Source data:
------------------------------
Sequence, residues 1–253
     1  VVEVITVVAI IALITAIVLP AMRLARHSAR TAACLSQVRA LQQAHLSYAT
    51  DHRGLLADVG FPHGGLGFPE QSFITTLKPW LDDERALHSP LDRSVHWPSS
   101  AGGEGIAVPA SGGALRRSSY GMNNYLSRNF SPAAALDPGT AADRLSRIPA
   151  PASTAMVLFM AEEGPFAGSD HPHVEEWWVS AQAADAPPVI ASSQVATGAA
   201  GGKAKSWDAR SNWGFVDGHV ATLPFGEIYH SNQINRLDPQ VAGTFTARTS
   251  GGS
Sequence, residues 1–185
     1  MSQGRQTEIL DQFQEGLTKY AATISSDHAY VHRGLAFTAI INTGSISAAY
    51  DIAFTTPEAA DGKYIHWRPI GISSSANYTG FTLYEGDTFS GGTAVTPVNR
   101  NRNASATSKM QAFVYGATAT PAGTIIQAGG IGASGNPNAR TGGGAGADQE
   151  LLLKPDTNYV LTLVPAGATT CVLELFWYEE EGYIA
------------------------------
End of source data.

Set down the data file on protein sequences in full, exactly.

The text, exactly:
Sequence, residues 1–253
     1  VVEVITVVAI IALITAIVLP AMRLARHSAR TAACLSQVRA LQQAHLSYAT
    51  DHRGLLADVG FPHGGLGFPE QSFITTLKPW LDDERALHSP LDRSVHWPSS
   101  AGGEGIAVPA SGGALRRSSY GMNNYLSRNF SPAAALDPGT AADRLSRIPA
   151  PASTAMVLFM AEEGPFAGSD HPHVEEWWVS AQAADAPPVI ASSQVATGAA
   201  GGKAKSWDAR SNWGFVDGHV ATLPFGEIYH SNQINRLDPQ VAGTFTARTS
   251  GGS
Sequence, residues 1–185
     1  MSQGRQTEIL DQFQEGLTKY AATISSDHAY VHRGLAFTAI INTGSISAAY
    51  DIAFTTPEAA DGKYIHWRPI GISSSANYTG FTLYEGDTFS GGTAVTPVNR
   101  NRNASATSKM QAFVYGATAT PAGTIIQAGG IGASGNPNAR TGGGAGADQE
   151  LLLKPDTNYV LTLVPAGATT CVLELFWYEE EGYIA